Nearly everybody has heard about Phelps’ 22 medals but hardly anyone has heard about his fellow countrywoman and swimmer Trischa Zorn and her 55 medals. While Michael Phelps won 18 gold medals, Zorn won 41 gold. Zorn has the largest haul of medals ever in the Paralympics, the other Olympics. Coming to the present year, fast forward: Pictorius Semi-final run at the London Olympics this year symbolizes the desire of every paraplegic to be treated at par with others.
Thirty-six years before Beijing, 2008 and Abhinav Bindra’s gold, Cfn. Petkar won an individual gold medal at the 1972 Heidelberg Paralympic games, in Germany. He created a World record in the 50m freestyle swimming event, by clocking 37.33 seconds. In the same games he participated in Men’s javelin throw, precision javelin throw and Slalom and he was a finalist in all three events. He was disabled during the 1965 War against Pakistan in which he sustained several severe bullet injuries. An unsung hero, he was an army jawan in the EME Corps, Secunderabad.
India sent it’s first contingent to the Summer Paralympics during the 1968 games. Petkar had participated in the men’s table tennis in those games and cleared the first round. Petkar was a private-jawan of the craftsman rank in the Corps of Electronics and Mechanical Engineers (EME) in the Indian Army, Originally a boxer of repute at EME, after he was crippled in the 1965 war he switched over to swimming and other sports. Known to be an indomitable sportsman among the Indian army men, he won 4 medals in international events since 1969. He was later employed by TELCO in Pune. Some sources, even reputed newspapers, erroneously claim that Petkar was a woman.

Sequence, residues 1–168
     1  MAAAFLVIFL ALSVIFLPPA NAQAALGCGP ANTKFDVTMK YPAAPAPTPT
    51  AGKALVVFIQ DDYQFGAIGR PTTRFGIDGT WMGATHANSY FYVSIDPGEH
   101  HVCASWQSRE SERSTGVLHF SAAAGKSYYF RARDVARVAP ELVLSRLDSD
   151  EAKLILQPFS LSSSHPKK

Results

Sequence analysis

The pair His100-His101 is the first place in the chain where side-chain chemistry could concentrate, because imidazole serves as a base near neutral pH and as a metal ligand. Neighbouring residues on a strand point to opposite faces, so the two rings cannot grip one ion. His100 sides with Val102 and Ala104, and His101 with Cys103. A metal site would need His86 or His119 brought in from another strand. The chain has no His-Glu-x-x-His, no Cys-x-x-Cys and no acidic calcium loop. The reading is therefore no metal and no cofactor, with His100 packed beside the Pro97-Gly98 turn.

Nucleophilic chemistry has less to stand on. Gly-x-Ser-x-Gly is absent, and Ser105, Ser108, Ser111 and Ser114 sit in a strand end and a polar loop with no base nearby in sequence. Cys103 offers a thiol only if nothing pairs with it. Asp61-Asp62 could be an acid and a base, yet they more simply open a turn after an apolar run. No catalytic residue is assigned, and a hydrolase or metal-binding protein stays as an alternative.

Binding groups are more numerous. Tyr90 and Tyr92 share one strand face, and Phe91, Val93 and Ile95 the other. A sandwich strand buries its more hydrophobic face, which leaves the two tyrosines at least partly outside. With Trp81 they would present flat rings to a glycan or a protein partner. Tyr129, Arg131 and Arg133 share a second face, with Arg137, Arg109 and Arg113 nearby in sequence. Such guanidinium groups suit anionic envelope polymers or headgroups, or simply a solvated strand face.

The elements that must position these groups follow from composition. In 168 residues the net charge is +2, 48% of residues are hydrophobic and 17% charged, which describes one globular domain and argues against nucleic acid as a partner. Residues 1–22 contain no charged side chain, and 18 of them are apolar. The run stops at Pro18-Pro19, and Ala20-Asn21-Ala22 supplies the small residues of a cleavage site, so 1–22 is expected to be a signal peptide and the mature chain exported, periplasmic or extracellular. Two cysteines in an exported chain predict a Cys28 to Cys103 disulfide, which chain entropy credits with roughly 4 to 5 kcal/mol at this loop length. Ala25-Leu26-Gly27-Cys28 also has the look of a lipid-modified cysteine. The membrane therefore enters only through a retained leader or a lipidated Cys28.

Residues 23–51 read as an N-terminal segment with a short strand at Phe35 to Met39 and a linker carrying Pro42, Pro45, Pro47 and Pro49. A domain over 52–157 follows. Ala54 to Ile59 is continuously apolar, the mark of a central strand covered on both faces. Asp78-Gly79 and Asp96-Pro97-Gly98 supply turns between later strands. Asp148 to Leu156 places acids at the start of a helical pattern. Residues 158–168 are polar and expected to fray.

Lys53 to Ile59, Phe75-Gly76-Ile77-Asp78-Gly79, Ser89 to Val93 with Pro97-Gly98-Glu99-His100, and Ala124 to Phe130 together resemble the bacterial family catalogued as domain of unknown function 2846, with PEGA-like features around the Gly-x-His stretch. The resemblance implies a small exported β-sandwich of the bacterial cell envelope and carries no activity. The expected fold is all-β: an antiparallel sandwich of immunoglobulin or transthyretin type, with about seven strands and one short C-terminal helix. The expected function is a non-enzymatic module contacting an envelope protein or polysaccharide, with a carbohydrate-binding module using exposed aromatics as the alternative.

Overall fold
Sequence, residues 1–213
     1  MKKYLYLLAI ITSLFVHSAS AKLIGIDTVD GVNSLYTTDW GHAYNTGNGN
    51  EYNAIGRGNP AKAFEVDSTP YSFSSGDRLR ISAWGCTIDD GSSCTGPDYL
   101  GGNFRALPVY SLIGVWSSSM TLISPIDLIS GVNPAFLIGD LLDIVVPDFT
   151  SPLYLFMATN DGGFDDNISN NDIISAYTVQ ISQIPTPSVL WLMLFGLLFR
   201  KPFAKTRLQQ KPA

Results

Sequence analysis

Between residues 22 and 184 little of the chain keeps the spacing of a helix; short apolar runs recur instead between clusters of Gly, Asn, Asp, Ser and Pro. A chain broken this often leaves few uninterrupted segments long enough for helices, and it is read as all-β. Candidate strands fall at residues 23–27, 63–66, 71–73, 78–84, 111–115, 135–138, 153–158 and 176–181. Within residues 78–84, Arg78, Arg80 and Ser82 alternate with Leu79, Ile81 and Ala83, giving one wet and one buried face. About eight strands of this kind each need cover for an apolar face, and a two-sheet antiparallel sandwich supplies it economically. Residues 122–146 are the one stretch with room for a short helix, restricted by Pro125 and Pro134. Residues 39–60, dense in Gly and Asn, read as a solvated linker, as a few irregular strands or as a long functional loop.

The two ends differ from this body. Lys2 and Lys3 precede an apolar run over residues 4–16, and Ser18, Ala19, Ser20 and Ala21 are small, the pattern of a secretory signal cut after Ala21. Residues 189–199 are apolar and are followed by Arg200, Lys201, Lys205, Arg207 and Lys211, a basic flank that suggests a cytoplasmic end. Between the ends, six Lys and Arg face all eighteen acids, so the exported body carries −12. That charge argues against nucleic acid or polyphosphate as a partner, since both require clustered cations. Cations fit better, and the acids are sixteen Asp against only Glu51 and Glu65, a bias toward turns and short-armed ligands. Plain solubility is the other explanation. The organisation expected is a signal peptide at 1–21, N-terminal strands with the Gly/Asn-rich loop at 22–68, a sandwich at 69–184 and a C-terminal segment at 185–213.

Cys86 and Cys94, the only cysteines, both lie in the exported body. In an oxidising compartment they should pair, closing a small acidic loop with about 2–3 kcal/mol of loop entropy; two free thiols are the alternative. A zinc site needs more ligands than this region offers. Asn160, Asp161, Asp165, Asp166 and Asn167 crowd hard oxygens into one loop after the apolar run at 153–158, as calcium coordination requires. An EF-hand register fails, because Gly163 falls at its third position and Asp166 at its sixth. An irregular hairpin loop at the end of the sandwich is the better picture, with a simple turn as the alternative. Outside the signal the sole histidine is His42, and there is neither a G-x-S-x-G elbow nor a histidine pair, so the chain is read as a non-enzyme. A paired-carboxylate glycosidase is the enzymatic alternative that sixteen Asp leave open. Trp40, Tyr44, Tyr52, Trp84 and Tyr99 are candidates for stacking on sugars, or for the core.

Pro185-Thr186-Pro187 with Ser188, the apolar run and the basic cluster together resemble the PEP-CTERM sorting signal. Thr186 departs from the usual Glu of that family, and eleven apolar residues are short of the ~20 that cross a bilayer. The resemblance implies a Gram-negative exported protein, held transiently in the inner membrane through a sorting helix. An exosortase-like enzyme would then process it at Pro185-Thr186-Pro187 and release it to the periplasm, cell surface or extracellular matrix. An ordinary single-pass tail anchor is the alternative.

In the 1984 Paralympic games, Joginder Singh Bedi won three individual medals, silver in the men’s shot put and two bronzes in the Discus and javelin throws. The Javelin throw event in the same game saw another Indian medal winner - a silver obtained by Bhimrao Kesarkar. No other Indian has won more than one medal in the same Olympics, or Paralympics. In 2000 Joginder Singh Bedi won the Arjunee Award for Lifetime Achievement in the physically handicapped category and so did two others, Vashishta and Munishwar.
Again four years before India’s mainstream gold in 2008, India won another individual Paralympic gold medal, this time taken by Devendra Jharjharia. Devendra was a 23-year-old one-handed athlete who was pursuing a Masters in Political Science after completing his Bachelors in Arts. In the 2004 Paralympic Games at Athens, India won two individual medals, one by Devendra in Men’s Javelin throw and the other by Rajinder Singh Ravelu in men’s powerlifting in the 56kg category. Devendra created a World record scoring 1117 points. Devendra was given the Arjuna Award in 2004; Rajinder received it in 2005 and Jagseer Singh another challenged person won it in 2010.
Despite all these glories these sportsmen still have to vie with the 'normal' sportspersons for visibility and recognition. Their struggles and successes lay beyond the limelight, while the media hype goes for other sporting events. This lesser-known Olympics begin on 29th August and goes on until 9th September.
(The author has contributed to the same topic on Wikipedia (with references mentioned) as well :
* Murlikant Petkar,
* India at the Paralympics)